The government was expected to commit €40 million (£34 million) of public money towards the construction and running costs of the Guggenheim Helsinki, which has an estimated build cost of €130 million (£110 million).
But during recent budget talks the nationalist Finns Party – which forms part of the country's coalition government, alongside the Centre Party and the National Coalition Party – objected plans to publicly fund the project.
"This is the end of the matter, we have ruled out state funding [for Guggenheim] once and for all, for this government," parliamentary head of the Finns party Sampo Terho told Reuters.
"We are not opposed to the project as such, we just don't think it is something that the state should participate in."
On his personal blog, party leader Timo Soini also rejected state funding of the project. He said that while the party would not be opposed to a privately funded Guggenheim Helsinki, it did not support plans by fellow coalition politicians to contribute €40 million (£34 million) of public money to the scheme.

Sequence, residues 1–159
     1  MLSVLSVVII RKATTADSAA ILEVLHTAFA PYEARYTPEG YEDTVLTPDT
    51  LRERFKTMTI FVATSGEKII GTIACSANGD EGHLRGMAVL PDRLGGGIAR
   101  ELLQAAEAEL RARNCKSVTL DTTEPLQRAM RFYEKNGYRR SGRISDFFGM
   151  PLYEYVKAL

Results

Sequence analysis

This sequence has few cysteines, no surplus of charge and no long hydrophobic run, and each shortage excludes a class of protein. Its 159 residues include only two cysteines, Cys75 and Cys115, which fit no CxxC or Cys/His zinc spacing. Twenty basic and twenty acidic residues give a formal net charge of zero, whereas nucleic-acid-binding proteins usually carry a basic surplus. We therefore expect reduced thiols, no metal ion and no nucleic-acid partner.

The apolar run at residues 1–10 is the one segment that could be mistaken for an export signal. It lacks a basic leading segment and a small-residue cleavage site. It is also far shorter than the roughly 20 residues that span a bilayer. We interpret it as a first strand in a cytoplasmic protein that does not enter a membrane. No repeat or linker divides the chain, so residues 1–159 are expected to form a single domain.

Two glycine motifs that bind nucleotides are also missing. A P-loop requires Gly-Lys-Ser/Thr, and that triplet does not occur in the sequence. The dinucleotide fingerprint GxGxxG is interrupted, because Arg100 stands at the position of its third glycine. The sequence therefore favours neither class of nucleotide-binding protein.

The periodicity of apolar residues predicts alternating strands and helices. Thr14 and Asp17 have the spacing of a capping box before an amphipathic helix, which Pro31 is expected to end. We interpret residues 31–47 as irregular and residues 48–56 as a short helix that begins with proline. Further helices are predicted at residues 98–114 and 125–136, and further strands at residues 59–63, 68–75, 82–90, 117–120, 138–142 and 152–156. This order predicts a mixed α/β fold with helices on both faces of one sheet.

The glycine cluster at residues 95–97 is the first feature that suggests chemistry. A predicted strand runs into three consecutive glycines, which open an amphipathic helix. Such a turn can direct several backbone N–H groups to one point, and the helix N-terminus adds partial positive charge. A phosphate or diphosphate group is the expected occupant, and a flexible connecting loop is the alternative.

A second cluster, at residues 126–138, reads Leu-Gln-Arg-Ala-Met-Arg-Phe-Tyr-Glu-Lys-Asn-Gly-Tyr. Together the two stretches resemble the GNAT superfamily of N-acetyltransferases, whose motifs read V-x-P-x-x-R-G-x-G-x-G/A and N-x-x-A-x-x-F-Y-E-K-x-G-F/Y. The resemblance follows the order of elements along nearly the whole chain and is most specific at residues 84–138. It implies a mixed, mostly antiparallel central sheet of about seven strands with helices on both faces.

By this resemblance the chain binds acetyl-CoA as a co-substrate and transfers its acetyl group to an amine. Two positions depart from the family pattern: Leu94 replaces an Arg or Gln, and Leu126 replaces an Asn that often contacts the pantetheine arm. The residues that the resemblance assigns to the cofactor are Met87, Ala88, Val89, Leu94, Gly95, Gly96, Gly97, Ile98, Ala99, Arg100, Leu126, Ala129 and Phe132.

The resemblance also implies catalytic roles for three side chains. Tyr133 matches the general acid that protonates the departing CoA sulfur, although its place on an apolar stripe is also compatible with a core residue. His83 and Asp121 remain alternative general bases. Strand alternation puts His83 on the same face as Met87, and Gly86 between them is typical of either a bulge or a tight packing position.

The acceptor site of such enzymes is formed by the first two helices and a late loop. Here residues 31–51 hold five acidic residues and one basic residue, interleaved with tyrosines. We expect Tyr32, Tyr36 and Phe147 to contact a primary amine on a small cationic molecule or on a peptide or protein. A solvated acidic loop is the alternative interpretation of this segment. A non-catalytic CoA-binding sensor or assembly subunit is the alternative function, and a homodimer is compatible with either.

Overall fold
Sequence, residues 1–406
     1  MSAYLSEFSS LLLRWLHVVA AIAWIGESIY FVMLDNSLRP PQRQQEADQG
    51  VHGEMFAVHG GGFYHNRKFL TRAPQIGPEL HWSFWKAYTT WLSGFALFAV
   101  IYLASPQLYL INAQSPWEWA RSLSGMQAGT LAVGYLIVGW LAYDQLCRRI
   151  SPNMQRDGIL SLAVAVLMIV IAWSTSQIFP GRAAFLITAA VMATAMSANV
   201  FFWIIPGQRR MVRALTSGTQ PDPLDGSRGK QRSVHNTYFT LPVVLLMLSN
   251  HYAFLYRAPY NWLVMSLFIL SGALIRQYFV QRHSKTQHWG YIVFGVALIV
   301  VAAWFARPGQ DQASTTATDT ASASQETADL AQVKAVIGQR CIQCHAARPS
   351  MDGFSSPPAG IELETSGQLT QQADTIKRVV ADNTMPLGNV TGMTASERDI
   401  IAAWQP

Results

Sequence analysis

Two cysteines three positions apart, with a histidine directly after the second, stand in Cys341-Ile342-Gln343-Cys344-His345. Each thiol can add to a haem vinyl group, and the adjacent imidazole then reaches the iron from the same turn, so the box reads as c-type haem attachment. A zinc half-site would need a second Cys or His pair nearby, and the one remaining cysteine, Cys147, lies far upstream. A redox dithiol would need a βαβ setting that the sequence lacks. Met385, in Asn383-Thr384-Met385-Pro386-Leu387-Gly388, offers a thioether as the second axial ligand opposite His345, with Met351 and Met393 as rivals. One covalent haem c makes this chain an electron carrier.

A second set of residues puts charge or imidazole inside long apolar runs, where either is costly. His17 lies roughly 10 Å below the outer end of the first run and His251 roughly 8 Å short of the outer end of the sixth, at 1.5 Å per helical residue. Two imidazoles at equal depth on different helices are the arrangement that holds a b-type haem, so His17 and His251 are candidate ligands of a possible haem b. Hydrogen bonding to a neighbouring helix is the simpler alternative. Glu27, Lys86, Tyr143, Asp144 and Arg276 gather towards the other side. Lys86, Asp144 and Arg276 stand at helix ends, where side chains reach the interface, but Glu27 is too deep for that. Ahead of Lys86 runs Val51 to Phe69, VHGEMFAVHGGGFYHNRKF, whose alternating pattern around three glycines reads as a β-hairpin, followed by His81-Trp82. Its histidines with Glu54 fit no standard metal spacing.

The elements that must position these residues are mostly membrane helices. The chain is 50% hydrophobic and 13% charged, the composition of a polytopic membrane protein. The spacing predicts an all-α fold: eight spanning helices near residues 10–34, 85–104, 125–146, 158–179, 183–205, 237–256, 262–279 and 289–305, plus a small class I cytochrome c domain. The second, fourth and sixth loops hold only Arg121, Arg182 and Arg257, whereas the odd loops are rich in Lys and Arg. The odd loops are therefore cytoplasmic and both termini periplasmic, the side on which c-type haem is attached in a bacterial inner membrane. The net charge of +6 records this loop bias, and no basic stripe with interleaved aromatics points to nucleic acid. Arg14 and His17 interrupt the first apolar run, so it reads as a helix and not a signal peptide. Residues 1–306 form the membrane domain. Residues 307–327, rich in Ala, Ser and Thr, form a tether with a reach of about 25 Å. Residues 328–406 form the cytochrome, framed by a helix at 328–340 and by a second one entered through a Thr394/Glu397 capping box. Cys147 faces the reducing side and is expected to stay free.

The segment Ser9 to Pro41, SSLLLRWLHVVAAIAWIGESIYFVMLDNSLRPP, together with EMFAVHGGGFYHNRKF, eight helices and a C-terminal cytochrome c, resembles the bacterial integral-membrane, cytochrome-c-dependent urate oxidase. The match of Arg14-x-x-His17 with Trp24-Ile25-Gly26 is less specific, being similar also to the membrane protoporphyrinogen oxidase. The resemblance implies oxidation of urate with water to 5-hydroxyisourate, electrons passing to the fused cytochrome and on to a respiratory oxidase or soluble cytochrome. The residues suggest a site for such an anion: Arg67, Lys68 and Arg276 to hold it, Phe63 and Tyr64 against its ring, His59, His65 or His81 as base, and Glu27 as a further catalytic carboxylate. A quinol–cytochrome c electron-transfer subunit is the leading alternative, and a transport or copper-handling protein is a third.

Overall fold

"The Centre Party and the National Coalition Party go back to state-funding Guggenheim, despite the fact that we have agreed otherwise a number of times," he said, as translated by the Helsinki Times.
"There will be no money for the project. It will not even be discussed in the budget session."
Parisian practice Moreau Kusunoki Architectes won the contest to design the new major outpost for the American arts institution in 2015, seeing off competition from over 1,700 entrants.
The winning design comprises a cluster of charred timber pavilions with concave roofs that are to be linked by garden patios.
A lighthouse-light lookout tower would rise from one side of the site to provide views over the city's waterfront.
The project is expected to generate a significant amount of revenue from tourism, doing for Helsinki what the Frank Gehry-designed Guggenheim has done for the Spanish city of Bilbao.
It is the latest in a series of outposts proposed by major museums. The V&A is opening new buildings in east London and Dundee, while the Louvre opened a new building in Lens in 2012 and has a new building underway in Abu Dhabi.